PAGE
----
Saturday, 2 February 2008


The last 7 days in China have been dominated by one thing – the weather.
Weather isn’t normally the main topic of conversation for the Chinese (unlike us British!) food, money, money and food seem to be the core topic of any discussion, but the unusually cold and particularly the snowy downpour that has fallen over China this week, has focused everyone’s attention on not only the bad weather, but also the strains put on the Chinese infrastructure.

What makes this week’s spell of bad weather even more disastrous is the fact that it ties in with the annual ‘Chun Yun’ (Directly translated as "spring transportation"), – the exodus from where you live and work, back to your family around the time of the Lunar New year. Commentators describe this as a mass exodus of ‘migrant’ workers from the cities – which conjures up images of farmers, laborers, factory workers and basically any menial employees who have traveled far from their hometown to find work. Whilst this is true, it is also a bit of a misconception by us westerners.
There are a significant number of people who come from rural areas to do the jobs that city folk wont, in particular the construction workers who help China become the largest user of steel and concrete in the world, but then there are the office workers, engineer’s, managers, policemen, school teachers, bankers – in fact all walks of life, and those people who cover the complete spectrum of age, wealth and social demographics.
They spend 11.5 months a year working in the large economic powerhouse cities that straddle the East Coast of China, and at several key points in the year, they try to get back to visit wives, children, parents, and grand parents. Many of my friends, colleagues and employee’s have become more and more concerned as the weather forecasts got worse and the snow got deeper and deeper over the last few days.
I cant even imagine the number of people trying to return to their home towns over the last 10 days or so (estimates range from between 200 and 500 million!), but having lived and worked in two Chinese city’s, Nanjing and Shanghai – 70-80% of the people I meet, don’t derive from the city that they work in, leaving friends, family’s and loved ones far behind in search of the Chinese promised lands. The official figures suggest that 2.3 billion journeys will be made on public transport over the 10-day period, and that 23 million children are separated from there parents during the majority of the year. Chinese New Year for most for some becomes the only time for families to get together.
In Shanghai the snow first fell on Saturday 27th January, at first it seemed like a welcome break to the cold, dull and mostly wet weather we had been having. This time of the year is always depressing, and the weather wasn’t helping the situation. Waking up to a sprinkling of white powder seemed to be the tonic for a depressingly dirty late January. Like many families we played out in the snow, built snowmen and used the weather as an excuse to snuggle up in front of the TV, eating warm food and generally being lazy – unaware of the saga that was unfolding around us.
Many have wrote stories about horrendous trips desperately trying to get back home, and we have all seen the pictures of politicians cashing in on the disaster by handing out blankets to those stranded at many an airport, train or bus station, I just wanted to add a few of the startling facts that have struck me over the last 7 days in a snowy Shanghai.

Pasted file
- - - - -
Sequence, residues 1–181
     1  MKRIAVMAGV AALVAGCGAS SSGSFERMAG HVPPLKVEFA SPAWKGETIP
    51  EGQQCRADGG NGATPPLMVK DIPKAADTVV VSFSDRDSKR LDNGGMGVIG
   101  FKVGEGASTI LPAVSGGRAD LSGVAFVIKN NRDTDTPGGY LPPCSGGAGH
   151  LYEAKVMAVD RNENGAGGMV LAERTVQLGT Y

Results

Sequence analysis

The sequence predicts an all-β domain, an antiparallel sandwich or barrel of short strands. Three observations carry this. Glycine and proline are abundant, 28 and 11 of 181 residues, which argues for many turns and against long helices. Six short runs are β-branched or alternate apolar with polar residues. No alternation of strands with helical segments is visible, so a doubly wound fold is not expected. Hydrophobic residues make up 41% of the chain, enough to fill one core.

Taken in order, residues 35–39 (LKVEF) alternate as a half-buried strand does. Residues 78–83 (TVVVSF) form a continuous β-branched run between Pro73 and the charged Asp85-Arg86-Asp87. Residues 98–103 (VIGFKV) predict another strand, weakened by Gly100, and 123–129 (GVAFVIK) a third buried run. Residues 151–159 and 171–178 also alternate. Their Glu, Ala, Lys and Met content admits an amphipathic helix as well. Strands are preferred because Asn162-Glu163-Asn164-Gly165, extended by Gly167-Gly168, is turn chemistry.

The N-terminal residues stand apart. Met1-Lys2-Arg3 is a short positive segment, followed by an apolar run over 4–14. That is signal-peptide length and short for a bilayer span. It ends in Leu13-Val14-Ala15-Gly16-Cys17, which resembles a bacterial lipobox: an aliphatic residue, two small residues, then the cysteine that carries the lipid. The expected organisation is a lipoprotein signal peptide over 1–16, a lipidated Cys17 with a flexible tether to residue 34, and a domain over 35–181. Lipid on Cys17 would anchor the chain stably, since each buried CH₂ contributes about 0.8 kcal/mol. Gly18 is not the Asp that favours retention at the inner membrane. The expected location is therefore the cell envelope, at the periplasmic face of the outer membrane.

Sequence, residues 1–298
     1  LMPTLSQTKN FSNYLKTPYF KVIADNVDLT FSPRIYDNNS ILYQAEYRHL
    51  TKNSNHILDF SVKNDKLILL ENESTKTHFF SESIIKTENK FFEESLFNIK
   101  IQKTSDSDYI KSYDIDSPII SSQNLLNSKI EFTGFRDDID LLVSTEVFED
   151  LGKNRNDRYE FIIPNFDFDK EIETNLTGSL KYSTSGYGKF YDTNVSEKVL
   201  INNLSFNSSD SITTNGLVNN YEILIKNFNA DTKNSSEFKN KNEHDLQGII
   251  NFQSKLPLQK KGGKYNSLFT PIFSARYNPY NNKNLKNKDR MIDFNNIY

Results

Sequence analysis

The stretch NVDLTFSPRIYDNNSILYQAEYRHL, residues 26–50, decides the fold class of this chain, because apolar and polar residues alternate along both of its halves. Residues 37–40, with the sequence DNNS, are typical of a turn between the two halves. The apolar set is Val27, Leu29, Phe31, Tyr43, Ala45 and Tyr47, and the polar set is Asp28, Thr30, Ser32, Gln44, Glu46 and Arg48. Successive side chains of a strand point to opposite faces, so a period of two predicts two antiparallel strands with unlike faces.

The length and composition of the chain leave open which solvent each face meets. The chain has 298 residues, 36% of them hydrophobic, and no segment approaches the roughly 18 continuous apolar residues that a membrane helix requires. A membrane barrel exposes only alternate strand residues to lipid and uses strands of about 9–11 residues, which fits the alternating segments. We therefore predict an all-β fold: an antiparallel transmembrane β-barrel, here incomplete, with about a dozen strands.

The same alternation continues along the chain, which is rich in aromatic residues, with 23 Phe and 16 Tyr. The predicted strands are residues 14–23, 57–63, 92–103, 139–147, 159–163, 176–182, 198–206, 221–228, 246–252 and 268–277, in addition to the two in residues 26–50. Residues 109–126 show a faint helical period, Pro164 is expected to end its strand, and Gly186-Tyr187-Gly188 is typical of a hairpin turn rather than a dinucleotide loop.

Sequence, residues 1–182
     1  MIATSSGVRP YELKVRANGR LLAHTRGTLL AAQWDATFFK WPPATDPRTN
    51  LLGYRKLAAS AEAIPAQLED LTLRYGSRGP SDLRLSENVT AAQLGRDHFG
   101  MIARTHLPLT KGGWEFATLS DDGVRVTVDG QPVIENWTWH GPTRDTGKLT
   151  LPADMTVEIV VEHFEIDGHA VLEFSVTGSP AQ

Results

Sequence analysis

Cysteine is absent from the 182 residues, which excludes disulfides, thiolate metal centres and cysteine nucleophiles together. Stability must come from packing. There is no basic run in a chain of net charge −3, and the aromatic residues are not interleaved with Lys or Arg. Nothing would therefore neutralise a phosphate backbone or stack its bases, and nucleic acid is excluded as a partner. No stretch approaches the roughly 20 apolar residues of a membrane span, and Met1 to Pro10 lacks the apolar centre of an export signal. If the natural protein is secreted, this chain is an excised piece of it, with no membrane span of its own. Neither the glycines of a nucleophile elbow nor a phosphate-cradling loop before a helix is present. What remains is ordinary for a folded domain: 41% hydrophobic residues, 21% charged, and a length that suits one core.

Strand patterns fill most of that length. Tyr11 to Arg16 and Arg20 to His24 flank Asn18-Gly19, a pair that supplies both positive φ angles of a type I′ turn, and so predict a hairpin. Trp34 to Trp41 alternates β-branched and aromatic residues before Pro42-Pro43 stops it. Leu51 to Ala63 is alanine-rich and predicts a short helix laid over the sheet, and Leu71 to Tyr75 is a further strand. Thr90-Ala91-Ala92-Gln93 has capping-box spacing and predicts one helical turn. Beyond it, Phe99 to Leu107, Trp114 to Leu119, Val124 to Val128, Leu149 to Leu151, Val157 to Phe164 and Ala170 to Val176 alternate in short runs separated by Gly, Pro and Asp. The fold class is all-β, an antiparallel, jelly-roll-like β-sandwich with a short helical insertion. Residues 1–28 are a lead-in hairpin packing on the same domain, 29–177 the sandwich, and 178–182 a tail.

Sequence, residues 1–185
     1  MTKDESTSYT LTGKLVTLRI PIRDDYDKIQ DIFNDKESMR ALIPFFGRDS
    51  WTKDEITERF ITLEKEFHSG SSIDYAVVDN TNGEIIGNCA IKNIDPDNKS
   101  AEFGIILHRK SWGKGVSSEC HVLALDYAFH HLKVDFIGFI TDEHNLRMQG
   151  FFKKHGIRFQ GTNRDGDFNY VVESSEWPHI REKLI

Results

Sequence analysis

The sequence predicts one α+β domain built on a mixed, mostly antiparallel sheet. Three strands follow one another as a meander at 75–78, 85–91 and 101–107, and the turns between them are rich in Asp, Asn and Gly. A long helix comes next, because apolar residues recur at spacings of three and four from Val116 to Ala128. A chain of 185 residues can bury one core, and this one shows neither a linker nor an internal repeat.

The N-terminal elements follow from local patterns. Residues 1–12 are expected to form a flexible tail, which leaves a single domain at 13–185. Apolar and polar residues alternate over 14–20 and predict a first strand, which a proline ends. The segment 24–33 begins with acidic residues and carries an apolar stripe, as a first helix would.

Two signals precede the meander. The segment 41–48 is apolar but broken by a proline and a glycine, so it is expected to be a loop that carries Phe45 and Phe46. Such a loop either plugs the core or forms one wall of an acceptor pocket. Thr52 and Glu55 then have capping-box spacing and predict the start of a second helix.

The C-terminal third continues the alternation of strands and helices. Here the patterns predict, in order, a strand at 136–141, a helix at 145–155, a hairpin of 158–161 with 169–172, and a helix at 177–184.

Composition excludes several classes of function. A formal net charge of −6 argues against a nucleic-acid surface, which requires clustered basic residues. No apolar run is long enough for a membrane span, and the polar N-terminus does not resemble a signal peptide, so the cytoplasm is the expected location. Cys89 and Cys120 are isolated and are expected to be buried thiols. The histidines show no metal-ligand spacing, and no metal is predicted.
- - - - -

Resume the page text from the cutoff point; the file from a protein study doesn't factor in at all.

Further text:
• The first story to put the darker side of a snowy day was the fact that in just a 24-hour period Shanghai hospitals 1000 people has been treated for bone fractures, after slipping on the ice and snow..

  • Official figures highlight that nearly 9000 flights had been delayed or cancelled during the 1st 3 days of the snow at the city’s 2 main airports.

  • 9,678 km of fixed-line networks and paralyzed affecting more than 19.2 million phone users nationwide.

  • 149,000 houses had their roofs collapse whilst the snow damaged a further 862,000.

  • Railway officials had estimated a passenger flow of 178.6 million people were delayed - the size of the combined population of Italy, France and Britain.

  • More than 1 million kg of fish and about 30,000 farmyard ducks here have become victims of the bad weather.

  • As of yesterday evening, railway departments in the province said they had paid refunds on more than 500,000 tickets.

  • Close to 1 million police have been deployed to control traffic on China's snow-covered highways.

  • 1.2 million people were stranded in Guangzhou train station as cross-country trains had been delayed and cancelled.

  • 100,000 people pile into Shanghai train station square – waiting for news.

These are just a few of the stories from the last few days, my stories – well, the biggest problems I have had is turning a 30 minute journey to work in to a 3 hour scary roller coaster, scrapping the ice of my windscreen in sub-zero temperatures, and a mad dog that likes to swim in frozen lake water. Apart from that I have decided to stay put and warm my feet against a defrosting dog, oh and pray that the snow clears in time to keep the 250 ships stranded at the mouth of the Huang Pu River delivering coal to the Shanghai Power Stations so I can keep the TV going and the food hot!

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